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Published byNathaniel York Modified about 1 year ago

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March 12th, 2001 Cincinnati, OH FLUID MECHANICS IN HEADBOXES M. Shariati, E. Bibeau, M.Salcudean and I. Gartshore CFD Modelling Group Department of Mechanical Engineering University of British Columbia Process Simulations Limited

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PRESENTATION lMathematical modelling in the pulp and paper industry lWhy we model headboxes lHow we model headboxes lExamples - flow in the header, tubes and slice lConclusions and future

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PROCESS MODELLING GROUP

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UBC-PSL TECHNOLOGY APPLICATION Other Institutions Government Industry License agreement Service agreements Consulting agreements Custom agreements License agreements

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PROCESS MODELLING

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STAGES OF ANALYSIS INPROGRESSINDUSTRIALAPPLICATIONPROCESSSIMULATORS Literature review Mill interaction Industrial innovators Process knowledge Commitment of industry Physical model Numerical model Model development Model validation Industrial testing Industrial application Parametric studies Solve problems Model proposed retrofits Improve operations Reduce costs Envelope calculations Interpolation Operational simulator Training& safety Interacts with control system Technology transfer INITIALSTAGE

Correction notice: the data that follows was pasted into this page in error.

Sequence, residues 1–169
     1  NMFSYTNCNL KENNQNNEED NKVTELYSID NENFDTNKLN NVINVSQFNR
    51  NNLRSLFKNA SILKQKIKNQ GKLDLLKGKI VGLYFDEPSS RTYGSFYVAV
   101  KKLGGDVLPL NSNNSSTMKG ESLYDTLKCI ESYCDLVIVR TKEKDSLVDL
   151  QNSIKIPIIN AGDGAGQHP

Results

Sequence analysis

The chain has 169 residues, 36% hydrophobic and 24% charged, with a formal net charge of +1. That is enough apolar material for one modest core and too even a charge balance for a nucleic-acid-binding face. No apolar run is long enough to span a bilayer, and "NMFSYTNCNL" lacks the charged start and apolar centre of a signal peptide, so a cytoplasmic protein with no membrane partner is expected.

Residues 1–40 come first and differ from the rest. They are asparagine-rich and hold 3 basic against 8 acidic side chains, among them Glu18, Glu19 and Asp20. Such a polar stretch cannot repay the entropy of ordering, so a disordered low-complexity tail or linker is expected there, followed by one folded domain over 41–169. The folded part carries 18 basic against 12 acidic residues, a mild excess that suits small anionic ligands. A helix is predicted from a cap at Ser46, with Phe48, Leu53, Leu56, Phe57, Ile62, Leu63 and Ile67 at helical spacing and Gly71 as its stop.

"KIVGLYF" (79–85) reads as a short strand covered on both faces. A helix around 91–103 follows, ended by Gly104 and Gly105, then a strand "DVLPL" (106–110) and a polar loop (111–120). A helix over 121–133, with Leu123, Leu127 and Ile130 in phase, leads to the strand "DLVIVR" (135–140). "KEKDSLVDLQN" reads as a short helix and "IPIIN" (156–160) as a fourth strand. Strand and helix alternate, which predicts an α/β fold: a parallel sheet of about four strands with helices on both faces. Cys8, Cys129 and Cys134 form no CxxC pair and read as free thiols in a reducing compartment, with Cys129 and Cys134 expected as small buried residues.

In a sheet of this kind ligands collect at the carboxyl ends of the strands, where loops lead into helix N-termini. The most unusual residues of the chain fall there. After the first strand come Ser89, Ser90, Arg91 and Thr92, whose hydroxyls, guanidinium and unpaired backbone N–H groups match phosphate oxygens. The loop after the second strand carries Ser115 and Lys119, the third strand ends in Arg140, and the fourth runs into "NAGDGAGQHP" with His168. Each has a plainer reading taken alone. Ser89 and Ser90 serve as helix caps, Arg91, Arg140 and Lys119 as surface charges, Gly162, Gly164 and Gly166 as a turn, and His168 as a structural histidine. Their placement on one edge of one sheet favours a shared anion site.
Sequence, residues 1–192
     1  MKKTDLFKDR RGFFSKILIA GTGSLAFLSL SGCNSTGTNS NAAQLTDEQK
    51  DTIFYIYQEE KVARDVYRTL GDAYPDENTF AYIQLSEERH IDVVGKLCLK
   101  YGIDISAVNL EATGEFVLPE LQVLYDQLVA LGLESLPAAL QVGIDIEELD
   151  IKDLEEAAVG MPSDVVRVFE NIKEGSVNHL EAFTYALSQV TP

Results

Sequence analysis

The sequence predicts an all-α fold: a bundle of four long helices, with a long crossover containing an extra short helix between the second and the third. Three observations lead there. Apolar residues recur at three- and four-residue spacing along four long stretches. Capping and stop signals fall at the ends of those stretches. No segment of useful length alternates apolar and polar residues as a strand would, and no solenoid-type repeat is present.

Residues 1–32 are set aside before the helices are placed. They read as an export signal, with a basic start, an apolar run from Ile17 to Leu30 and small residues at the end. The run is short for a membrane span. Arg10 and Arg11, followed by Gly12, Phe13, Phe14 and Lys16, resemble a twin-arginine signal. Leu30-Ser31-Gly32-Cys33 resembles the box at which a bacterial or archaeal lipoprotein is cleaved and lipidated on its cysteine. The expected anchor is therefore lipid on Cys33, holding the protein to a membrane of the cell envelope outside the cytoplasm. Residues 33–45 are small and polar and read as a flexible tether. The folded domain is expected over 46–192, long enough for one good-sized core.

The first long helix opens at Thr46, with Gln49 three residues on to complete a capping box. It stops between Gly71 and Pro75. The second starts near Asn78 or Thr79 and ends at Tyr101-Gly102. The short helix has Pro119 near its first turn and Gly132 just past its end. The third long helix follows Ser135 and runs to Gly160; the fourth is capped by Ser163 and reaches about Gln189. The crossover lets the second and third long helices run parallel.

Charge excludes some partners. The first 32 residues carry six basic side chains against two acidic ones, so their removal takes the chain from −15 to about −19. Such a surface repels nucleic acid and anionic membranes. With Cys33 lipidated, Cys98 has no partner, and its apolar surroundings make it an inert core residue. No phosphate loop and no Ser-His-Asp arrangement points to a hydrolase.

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MODELLING EXAMPLES Computer Jet engines Weather Automotive Harrier jet

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HEADBOXES lPaper quality depends on the flow and fluid/fiber interaction in the headbox lFlow at the exit of the slice needs to be uniform - goal can be achieved only by knowing and controlling the flow upstream lDesirable paper properties impose certain requirements of fiber orientation which depends on the flow and turbulence characteristics WHY MODEL HEADBOXES